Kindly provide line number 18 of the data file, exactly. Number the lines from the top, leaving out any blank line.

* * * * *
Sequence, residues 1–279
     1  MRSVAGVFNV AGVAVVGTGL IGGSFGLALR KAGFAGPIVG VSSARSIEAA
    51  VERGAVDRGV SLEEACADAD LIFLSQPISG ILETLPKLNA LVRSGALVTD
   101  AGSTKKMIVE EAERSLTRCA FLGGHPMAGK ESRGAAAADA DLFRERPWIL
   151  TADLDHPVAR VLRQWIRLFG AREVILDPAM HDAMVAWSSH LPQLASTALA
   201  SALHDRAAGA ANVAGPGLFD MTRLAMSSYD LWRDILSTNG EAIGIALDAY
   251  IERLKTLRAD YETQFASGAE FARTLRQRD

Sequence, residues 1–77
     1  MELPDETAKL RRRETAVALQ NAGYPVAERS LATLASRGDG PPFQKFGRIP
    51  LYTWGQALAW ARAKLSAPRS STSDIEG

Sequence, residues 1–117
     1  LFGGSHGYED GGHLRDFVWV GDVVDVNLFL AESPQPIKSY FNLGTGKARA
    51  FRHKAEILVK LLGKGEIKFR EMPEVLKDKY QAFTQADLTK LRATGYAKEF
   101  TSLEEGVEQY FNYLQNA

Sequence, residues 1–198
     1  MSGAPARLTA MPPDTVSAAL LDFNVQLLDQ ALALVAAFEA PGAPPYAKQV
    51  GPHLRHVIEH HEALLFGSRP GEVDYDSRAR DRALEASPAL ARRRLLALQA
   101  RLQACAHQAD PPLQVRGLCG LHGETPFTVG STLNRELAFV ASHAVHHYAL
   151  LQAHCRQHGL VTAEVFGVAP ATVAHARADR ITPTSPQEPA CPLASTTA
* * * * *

   101  RLQACAHQAD PPLQVRGLCG LHGETPFTVG STLNRELAFV ASHAVHHYAL